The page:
Date: 03 Nov 2012

Imaging and Sensing of Cadmium in Cells

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Abstract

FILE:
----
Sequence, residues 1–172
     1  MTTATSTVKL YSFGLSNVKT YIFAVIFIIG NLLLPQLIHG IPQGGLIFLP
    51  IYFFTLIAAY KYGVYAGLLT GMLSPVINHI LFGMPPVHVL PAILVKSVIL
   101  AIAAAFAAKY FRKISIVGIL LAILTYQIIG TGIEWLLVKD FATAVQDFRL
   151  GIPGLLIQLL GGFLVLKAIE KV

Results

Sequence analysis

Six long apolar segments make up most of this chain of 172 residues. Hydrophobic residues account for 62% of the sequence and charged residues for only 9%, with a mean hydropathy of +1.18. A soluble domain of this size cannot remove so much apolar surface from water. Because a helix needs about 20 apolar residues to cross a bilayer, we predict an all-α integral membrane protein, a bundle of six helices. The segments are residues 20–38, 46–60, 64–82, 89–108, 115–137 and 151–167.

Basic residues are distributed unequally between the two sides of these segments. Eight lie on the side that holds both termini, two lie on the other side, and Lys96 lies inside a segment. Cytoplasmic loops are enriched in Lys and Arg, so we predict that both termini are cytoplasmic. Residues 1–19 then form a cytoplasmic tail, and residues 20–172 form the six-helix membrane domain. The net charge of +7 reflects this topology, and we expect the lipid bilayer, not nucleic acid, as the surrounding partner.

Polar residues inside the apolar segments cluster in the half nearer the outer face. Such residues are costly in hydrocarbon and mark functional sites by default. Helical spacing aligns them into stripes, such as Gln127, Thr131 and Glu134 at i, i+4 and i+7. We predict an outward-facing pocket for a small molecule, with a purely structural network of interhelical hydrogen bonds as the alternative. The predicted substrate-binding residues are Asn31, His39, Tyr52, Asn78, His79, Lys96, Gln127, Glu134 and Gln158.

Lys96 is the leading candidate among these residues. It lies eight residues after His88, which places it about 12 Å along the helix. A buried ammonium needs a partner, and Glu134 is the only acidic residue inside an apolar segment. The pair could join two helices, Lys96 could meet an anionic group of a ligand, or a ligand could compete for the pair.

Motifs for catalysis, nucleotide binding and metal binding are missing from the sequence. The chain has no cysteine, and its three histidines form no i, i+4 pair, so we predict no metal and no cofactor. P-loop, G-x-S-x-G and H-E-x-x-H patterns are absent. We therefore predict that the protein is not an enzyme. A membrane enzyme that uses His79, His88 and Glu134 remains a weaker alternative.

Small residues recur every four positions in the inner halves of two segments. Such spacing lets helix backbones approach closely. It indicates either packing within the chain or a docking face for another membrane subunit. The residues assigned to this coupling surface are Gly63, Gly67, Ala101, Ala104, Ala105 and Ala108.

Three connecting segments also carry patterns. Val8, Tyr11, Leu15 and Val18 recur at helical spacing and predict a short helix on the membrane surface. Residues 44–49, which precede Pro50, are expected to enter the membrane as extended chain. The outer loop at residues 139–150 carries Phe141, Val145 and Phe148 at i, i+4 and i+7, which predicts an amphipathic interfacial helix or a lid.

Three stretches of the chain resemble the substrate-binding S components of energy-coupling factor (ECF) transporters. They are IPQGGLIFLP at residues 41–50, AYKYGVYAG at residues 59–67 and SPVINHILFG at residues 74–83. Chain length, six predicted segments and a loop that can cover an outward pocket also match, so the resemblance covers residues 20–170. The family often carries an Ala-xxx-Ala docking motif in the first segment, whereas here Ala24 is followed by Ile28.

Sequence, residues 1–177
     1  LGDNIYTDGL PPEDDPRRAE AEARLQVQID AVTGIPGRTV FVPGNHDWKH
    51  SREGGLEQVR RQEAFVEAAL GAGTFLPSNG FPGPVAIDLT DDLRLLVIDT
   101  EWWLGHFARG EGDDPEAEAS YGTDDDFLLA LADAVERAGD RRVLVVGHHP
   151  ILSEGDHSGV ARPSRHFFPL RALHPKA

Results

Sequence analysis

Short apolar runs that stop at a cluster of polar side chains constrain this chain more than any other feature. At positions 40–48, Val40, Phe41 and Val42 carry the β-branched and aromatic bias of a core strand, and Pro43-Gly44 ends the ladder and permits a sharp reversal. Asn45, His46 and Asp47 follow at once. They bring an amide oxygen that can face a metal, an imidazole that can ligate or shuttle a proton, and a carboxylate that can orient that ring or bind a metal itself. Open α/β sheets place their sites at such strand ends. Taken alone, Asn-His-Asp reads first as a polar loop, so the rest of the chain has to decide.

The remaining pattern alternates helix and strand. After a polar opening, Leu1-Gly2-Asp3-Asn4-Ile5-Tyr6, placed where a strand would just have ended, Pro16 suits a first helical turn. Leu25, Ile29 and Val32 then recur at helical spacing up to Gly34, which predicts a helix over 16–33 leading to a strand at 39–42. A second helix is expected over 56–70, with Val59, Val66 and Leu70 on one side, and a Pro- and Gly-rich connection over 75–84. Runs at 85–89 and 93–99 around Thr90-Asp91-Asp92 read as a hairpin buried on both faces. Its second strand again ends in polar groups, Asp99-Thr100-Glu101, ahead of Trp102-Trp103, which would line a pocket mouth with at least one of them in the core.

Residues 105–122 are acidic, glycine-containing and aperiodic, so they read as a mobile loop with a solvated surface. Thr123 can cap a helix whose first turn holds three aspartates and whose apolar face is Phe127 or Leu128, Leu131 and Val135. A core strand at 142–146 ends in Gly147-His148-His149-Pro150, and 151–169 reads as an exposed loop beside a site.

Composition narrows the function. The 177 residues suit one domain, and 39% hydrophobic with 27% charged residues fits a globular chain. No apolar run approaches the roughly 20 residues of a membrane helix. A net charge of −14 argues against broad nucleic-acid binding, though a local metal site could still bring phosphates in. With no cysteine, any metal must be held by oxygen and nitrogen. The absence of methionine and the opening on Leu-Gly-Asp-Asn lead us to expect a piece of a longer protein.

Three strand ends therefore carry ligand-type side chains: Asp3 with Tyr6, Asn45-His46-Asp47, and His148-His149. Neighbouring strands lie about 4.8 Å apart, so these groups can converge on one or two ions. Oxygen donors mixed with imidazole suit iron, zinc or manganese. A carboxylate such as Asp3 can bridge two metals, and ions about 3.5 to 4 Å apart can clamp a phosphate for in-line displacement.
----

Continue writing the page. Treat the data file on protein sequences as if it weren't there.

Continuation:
Cadmium is one of the highly toxic transition metals for human beings and is known as a human carcinogen. Once humans are exposed to Cd2+ on a chronic basis, Cd2+ primarily accumulates in the liver and kidney where it forms complexes with small peptides and proteins via sulfhydryl groups. Complexed Cd2+ or the ionic Cd2+ is then taken up by target cells and tissues and exerts the toxicity. However, the question of how non-essential Cd2+ crosses the cell membranes remains unanswered. Furthermore, the molecular mechanism of Cd2+-induced physiological signaling disruption in cells is still not fully elucidated. Investigations of Cd2+ uptake kinetics, distributions, and concentrations in cells require chemical tools for its detection. Because of the easy use and high spatiotemporal resolution, optical imaging using fluorescence microscopy is a well-suited method for monitoring Cd2+ in biological samples. This chapter summarizes design principles of small molecule fluorescent sensors for Cd2+ detection in aqueous solution and their photophysical and metal-binding properties. Also the applications of probes for fluorescence imaging of Cd2+ in a variety of cell types are demonstrated.